By Sabir Hussain

IN THE confinements of the worlds highest mountain walls of Himalaya, Karakoram, Hindukush and Pamir (HKKH-P) Ranges in Gilgit Baltistan, which have remained home to the eternal glaciers since glacier age, one gets great internal pleasure and feels a deep sense of spiritual attachment to see great bounty of the mother nature while travelling through the mountain pockets in the region.

Among many fairy tales and real stories of love and altruism related to the both humans and spirits in these mountains, the sayings are followed by a legend that ; a human settlement that is irrigated by a female glacier water would be seen with the smart men, whereas a place getting water from a male glacier, would have the handsome women in the village. The above myths never confined the mountain dwellers to the aesthetic and the imaginative expressions but persuaded them to make a material benefit as well. The primitive man here displayed his exceptional physical capabilities to dig a water channel across the hard rock faces of the HKKH and Pamir mountains with the old tools and the implements to divert the water from the nearest glaciers for his livelihood. During the course of the evolution over the time man in these mountains looked for the further possibility for the creation of his, self-ice generation mechanism through ice grafting. Guided by his insight and a possible portion of intuition, the pre-emptive man began to test to graft the male glacier with the female glaciers identified through his own tools and methods.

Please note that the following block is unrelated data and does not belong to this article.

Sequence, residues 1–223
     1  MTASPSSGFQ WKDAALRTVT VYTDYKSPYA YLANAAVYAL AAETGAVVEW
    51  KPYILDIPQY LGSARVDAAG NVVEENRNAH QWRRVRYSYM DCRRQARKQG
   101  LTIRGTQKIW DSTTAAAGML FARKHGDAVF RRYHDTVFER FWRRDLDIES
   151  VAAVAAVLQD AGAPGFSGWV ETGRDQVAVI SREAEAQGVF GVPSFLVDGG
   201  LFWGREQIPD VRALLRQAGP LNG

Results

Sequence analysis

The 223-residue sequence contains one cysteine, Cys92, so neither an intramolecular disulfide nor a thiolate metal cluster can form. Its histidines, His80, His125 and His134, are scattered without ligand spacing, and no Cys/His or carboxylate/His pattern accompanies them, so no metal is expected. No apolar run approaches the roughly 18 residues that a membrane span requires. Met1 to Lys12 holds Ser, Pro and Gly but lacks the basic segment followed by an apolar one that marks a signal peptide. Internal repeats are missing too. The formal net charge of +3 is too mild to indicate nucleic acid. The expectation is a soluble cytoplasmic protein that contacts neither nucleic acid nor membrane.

In a glacier, marriage elders of the mountain village who would have lost their glacier, identify a male and female glacier lying at higher altitudes of two different villages in the vicinity. They determine the glacier as male or female by more than one standard. Among them in some areas the glacial outbursts are considered determinant for a glacier to be a male or a female. The more a glacier bursts out is considered a female glacier, while a glacier with no or minimum burst-outs are considered as male glaciers. For example the Pissan glacier and Ghulmat glacier lying in the lap of Rakaposhi Peak are considered female. Because they have an annual or biannual burst-out records while Minapin glacier in the lap of Diran Peak is considered as male glacier as it has a low record of burst-out.